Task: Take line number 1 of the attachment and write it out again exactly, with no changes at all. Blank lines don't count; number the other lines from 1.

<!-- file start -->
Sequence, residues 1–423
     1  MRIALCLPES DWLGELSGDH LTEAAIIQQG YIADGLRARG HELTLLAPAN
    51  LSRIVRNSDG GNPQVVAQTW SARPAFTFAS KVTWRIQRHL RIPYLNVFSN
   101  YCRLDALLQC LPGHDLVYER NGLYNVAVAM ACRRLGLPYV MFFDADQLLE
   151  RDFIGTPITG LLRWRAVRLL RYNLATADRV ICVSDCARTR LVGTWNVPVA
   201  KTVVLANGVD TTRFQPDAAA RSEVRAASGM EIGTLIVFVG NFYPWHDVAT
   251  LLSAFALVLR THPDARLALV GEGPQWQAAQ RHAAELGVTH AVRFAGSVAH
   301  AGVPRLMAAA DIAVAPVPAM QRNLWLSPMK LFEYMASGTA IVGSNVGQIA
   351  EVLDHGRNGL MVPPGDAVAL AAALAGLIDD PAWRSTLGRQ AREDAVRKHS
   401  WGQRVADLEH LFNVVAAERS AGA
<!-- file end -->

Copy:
Sequence, residues 1–423